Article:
A certain odour on the wind, Thy hidden face beyond the west, These things have called us; on a quest Older than any road we trod, More endless than desire.
Far God, Sigh with thy cruel voice, that fills The soul with longing for dim hills And faint horizons! For there come Grey moments of the antient dumb Sickness of travel, when no song Can cheer us; but the way seems long; And one remembers.
Ah! the beat Of weary unreturning feet, And songs of pilgrims unreturning! .
The fires we left are always burning On the old shrines of home.
Our kin Have built them temples, and therein Pray to the Gods we know; and dwell In little houses lovable, Being happy (we remember how!) And peaceful even to death.
O Thou, God of all long desirous roaming, Our hearts are sick of fruitless homing, And crying after lost desire.
Hearten us onward! as with fire Consuming dreams of other bliss.
The best Thou givest, giving this Sufficient thing -- to travel still Over the plain, beyond the hill, Unhesitating through the shade, Amid the silence unafraid, Till, at some sudden turn, one sees Against the black and muttering trees Thine altar, wonderfully white, Among the Forests of the Night.

Written by Rupert Brooke |


 I think if you had loved me when I wanted;
If I'd looked up one day, and seen your eyes,
And found my wild sick blasphemous prayer granted,
And your brown face, that's full of pity and wise,
Flushed suddenly; the white godhead in new fear
Intolerably so struggling, and so shamed;
Most holy and far, if you'd come all too near,
If earth had seen Earth's lordliest wild limbs tamed,
Shaken, and trapped, and shivering, for MY touch --
Myself should I have slain? or that foul you?
But this the strange gods, who had given so much,
To have seen and known you, this they might not do.
One last shame's spared me, one black word's unspoken; And I'm alone; and you have not awoken.

Written by Rupert Brooke |

Sonnet Reversed

 Hand trembling towards hand; the amazing lights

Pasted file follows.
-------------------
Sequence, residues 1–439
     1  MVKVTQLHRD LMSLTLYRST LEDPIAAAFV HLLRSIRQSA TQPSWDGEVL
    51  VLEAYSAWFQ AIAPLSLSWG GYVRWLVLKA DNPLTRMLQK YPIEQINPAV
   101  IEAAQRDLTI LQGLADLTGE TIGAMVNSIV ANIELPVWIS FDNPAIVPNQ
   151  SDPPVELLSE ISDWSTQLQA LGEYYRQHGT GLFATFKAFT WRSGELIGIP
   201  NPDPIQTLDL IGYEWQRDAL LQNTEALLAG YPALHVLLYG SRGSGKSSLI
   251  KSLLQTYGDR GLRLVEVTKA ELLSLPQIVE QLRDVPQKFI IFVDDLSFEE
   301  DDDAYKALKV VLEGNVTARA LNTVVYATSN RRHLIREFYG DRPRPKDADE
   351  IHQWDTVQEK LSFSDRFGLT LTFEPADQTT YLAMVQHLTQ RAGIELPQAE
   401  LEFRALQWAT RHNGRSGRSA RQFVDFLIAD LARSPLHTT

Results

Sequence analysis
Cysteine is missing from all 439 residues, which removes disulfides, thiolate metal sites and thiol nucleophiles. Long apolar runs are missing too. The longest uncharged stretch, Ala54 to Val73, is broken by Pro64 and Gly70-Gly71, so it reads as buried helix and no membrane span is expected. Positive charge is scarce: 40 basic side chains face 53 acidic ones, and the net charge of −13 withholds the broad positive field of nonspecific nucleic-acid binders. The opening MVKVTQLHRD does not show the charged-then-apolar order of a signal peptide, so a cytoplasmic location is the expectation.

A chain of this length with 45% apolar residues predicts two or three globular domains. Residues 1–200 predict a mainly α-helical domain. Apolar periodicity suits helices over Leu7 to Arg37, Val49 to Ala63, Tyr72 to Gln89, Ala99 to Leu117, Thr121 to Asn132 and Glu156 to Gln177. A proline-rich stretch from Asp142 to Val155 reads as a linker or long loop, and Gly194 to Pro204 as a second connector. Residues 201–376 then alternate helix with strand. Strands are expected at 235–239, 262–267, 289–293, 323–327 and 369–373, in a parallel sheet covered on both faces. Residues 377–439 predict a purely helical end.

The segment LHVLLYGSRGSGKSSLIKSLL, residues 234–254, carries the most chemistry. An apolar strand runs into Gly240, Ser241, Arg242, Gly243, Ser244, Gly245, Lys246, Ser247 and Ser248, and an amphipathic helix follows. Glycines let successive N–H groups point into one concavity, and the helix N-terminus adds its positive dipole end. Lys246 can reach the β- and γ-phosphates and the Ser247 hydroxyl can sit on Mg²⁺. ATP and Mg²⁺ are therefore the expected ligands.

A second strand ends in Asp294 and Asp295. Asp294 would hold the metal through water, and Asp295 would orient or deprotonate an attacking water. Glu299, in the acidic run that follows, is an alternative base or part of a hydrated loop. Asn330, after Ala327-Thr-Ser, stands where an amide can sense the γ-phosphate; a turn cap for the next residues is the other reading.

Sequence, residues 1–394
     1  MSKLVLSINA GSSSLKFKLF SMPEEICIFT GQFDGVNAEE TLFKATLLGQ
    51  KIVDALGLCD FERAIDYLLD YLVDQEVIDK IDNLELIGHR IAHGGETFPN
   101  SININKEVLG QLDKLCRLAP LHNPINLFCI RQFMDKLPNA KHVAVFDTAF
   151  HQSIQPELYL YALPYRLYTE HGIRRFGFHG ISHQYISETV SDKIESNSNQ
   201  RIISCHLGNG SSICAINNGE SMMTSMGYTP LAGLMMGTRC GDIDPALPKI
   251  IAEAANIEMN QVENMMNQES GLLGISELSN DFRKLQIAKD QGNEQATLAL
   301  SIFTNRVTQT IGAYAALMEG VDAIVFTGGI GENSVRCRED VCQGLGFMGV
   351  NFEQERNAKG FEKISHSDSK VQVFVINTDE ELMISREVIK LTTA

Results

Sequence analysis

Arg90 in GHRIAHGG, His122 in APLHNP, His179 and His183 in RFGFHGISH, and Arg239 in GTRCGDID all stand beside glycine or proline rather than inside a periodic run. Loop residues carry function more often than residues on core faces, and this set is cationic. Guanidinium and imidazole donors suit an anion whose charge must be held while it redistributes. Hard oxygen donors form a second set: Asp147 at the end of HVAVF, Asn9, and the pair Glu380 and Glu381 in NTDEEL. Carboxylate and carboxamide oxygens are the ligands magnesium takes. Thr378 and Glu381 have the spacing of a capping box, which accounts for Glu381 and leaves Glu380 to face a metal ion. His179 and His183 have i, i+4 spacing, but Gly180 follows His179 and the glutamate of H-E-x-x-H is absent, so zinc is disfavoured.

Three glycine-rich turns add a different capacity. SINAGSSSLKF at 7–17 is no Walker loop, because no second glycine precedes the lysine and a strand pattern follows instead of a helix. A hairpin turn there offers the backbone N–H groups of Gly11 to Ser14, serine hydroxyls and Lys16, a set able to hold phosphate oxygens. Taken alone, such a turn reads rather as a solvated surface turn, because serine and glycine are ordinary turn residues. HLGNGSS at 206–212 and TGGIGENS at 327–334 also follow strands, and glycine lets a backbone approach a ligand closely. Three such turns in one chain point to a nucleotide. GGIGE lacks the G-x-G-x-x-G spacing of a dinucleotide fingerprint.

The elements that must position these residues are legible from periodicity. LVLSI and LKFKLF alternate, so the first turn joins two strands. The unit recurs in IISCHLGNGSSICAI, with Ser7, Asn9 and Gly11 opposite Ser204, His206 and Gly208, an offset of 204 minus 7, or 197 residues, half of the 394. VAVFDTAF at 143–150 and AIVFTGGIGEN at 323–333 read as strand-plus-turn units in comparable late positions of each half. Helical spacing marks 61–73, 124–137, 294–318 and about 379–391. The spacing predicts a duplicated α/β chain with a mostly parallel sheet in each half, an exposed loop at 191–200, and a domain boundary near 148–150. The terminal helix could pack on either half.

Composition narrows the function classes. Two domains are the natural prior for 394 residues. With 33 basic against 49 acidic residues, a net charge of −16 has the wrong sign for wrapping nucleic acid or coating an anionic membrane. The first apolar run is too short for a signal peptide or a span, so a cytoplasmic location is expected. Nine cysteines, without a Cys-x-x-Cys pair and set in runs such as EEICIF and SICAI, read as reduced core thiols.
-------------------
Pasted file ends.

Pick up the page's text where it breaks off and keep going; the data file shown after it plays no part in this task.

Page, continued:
Of heart and eye.
They stood on supreme heights.
Ah, the delirious weeks of honeymoon! Soon they returned, and, after strange adventures, Settled at Balham by the end of June.
Their money was in Can.
Debentures, And in Antofagastas.
Still he went Cityward daily; still she did abide At home.
And both were really quite content With work and social pleasures.
Then they died.
They left three children (besides George, who drank): The eldest Jane, who married Mr Bell, William, the head-clerk in the County Bank, And Henry, a stock-broker, doing well.

Written by Rupert Brooke |


 Because God put His adamantine fate
Between my sullen heart and its desire,
I swore that I would burst the Iron Gate,
Rise up, and curse Him on His throne of fire.
Earth shuddered at my crown of blasphemy, But Love was as a flame about my feet; Proud up the Golden Stair I strode; and beat Thrice on the Gate, and entered with a cry -- All the great courts were quiet in the sun, And full of vacant echoes: moss had grown Over the glassy pavement, and begun To creep within the dusty council-halls.
An idle wind blew round an empty throne And stirred the heavy curtains on the walls.

Written by Rupert Brooke |

Funeral Of Youth The: Threnody

 The day that YOUTH had died,
There came to his grave-side,
In decent mourning, from the country's ends,
Those scatter'd friends
Who had lived the boon companions of his prime,
And laughed with him and sung with him and wasted,
In feast and wine and many-crown'd carouse,
The days and nights and dawnings of the time
When YOUTH kept open house,
Nor left untasted
Aught of his high emprise and ventures dear,
No quest of his unshar'd --
All these, with loitering feet and sad head bar'd,
Followed their old friend's bier.